Article ID: 714507
Henry Ford Cancer Institute Treats its First Patient with Innovative ‘Living Drug’ TherapyHenry Ford Health System
Henry Ford Cancer Institute has treated its first patient with CAR T-cell therapy, an approach that uses engineered cells from a patient's immune system to destroy cancer. The altered cells remain active for years after the treatment, acting as a 'living drug' Only specially-certified trained hospitals can offer CAR T-cell therapy to patients with B-cell acute lymphocytic leukemia (ALL) and diffuse large B-cell lymphoma (DLBCL).
Released:18-Jun-2019 7:05 AM EDT
Article ID: 708858
Michigan’s First Patient Treated with Thalamic Deep Brain Stimulation for Epilepsy at Henry Ford Health SystemHenry Ford Health System
Neurosurgeon Jason Schwalb, M.D., with help from the team at the Henry Ford Comprehensive Epilepsy Center, implanted the first complete Deep Brain Stimulation system in Michigan for the treatment of Epilepsy.
Released:28-Feb-2019 10:05 AM EST
Article ID: 707970
Minimally-Invasive Treatment Option for Early Stage Oral Cancer Reduces Recovery Time, Improves SurvivalHenry Ford Health System
Henry Ford Cancer Institute oral cancer patient Marlene Calverley, a minimally-invasive sentinel node biopsy meant having three instead of 30-60 lymph nodes removed, and a two-inch scar instead of a five-to-six-inch scar. It also meant no neck drains, no physical therapy, and a decreased risk of complications.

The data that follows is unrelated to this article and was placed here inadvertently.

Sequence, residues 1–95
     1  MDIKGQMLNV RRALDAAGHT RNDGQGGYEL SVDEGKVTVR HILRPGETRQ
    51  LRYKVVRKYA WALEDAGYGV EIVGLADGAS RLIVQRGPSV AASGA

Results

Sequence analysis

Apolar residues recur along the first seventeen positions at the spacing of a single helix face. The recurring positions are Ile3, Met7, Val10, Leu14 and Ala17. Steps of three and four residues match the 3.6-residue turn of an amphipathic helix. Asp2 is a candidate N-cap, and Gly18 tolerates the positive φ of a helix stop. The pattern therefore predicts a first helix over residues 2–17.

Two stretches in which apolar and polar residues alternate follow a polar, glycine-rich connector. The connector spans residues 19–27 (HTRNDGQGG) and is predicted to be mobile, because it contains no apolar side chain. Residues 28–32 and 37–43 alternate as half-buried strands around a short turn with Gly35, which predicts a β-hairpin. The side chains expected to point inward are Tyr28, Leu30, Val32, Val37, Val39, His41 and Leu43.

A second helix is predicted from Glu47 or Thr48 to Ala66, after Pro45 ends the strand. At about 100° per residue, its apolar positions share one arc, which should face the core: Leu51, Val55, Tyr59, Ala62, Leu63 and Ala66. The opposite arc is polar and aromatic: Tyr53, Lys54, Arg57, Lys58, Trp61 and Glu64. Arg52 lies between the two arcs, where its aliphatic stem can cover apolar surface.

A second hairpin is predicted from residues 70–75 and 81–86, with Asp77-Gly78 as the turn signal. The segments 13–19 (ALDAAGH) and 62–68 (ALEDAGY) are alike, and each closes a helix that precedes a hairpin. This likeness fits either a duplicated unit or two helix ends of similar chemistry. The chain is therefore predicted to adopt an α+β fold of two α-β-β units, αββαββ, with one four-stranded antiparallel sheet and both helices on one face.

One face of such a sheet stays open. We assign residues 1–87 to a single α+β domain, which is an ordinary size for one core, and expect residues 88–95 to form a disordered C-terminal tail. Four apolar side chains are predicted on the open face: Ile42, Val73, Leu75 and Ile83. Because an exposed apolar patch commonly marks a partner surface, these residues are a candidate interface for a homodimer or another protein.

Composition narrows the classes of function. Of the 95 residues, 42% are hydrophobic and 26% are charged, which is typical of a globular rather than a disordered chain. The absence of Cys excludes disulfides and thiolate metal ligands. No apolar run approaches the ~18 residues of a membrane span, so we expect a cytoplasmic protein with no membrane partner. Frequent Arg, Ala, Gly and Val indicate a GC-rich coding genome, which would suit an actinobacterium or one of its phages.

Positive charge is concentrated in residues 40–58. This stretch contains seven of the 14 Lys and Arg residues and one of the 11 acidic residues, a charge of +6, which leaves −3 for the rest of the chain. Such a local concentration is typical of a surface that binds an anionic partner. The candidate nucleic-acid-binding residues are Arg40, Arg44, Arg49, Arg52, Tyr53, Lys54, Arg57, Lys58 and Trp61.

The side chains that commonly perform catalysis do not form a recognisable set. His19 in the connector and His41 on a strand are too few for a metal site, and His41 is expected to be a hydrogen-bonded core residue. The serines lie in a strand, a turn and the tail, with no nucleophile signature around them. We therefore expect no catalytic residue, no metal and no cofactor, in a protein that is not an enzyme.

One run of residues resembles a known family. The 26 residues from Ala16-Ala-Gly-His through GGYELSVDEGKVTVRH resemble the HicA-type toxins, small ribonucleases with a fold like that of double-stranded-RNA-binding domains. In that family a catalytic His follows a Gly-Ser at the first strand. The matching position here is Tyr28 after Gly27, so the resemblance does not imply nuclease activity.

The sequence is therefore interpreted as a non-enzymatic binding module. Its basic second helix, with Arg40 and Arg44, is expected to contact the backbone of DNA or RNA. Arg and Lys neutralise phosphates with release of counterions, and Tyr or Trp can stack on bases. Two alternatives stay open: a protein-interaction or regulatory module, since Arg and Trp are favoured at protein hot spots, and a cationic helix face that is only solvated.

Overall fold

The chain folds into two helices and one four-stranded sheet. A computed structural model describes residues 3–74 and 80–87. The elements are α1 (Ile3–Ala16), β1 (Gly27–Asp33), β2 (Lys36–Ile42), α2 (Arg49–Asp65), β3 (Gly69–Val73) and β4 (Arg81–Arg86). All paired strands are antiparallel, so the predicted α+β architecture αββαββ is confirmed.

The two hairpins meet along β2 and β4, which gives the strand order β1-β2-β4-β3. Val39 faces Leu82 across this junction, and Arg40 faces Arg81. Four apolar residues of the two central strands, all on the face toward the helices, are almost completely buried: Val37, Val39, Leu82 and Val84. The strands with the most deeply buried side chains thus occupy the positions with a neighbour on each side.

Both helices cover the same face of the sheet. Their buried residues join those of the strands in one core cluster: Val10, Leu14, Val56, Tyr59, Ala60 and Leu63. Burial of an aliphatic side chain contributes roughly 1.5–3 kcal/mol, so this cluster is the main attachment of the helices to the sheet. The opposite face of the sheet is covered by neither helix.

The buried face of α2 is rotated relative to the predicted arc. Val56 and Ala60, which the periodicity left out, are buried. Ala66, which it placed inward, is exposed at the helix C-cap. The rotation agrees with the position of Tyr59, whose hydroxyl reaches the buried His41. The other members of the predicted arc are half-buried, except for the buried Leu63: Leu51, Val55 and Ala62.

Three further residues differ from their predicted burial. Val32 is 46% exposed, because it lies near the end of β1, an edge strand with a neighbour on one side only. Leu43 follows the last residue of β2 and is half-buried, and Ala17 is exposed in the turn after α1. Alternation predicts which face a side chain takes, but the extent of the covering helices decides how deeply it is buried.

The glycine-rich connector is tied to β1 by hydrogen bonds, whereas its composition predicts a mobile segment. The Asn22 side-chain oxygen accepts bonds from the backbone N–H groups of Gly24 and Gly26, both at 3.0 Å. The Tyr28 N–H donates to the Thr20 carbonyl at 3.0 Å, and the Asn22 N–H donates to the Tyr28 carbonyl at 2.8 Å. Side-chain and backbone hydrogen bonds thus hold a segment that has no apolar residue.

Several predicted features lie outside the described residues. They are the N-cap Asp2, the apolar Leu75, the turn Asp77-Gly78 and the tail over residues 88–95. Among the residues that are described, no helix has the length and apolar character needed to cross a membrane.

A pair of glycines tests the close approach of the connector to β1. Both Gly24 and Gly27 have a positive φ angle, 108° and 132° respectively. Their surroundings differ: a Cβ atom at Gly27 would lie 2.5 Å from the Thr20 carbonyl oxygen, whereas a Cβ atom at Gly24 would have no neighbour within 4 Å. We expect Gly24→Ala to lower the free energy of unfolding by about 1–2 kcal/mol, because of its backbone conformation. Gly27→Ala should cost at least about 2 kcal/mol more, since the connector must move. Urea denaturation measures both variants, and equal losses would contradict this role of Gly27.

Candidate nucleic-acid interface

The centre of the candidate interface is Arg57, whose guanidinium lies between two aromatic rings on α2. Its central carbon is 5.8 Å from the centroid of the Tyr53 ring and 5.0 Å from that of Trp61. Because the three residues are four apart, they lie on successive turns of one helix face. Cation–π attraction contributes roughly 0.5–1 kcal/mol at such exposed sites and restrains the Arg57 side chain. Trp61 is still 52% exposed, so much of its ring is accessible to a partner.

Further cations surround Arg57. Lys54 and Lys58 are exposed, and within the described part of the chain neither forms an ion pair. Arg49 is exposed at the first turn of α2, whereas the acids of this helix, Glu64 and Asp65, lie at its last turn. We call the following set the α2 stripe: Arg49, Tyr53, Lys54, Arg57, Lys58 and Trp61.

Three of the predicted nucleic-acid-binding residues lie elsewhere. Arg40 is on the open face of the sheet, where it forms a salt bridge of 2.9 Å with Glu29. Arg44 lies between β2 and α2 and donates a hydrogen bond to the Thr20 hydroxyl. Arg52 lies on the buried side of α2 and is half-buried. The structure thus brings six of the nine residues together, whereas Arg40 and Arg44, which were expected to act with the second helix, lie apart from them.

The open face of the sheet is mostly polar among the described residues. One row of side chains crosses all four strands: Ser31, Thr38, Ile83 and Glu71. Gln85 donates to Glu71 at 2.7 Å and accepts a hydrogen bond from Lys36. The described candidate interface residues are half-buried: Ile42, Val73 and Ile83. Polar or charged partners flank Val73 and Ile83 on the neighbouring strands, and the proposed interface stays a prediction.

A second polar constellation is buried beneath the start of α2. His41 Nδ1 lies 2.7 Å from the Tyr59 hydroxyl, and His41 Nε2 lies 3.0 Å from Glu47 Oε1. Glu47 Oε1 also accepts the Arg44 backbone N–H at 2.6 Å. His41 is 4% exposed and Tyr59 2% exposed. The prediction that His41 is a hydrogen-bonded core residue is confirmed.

Released:12-Feb-2019 12:05 PM EST
Article ID: 707180
Innovative Ice-Free Scalp Cooling During Chemotherapy Prevents, Reduces Hair Loss for Breast Cancer PatientsHenry Ford Health System
Breast cancer patient Laura Carey returned to work one week after beginning chemotherapy, but without a demoralizing side-effect indicative of this type of cancer treatment – hair loss. Carey is among the first breast cancer patients at the Henry Ford Cancer Institute to successfully prevent and reduce hair loss during chemotherapy by using an ice-free cooling cap system, called Paxman. Dr. Haythem Ali explains more about this innovative treatment option, and what it means for breast cancer patients like Laura.
Released:29-Jan-2019 9:40 AM EST
Article ID: 606430
Few Doctors Have Adequate Training to Effectively Treat Chronic Pain PatientsHenry Ford Health System
Pain is the most common reason a patient sees a physician but few physicians have received adequate training to help their patients, according to a Henry Ford Hospital article published in the Journal of American Osteopathic Association. An estimated 100 million people in the United States are living with chronic pain, which accounts for up to $635 billion annually in health care costs and lost productivity. A 2011 study found that for every medical specialist, there are more than 28,500 patients with chronic pain.
Released:12-Aug-2013 12:00 PM EDT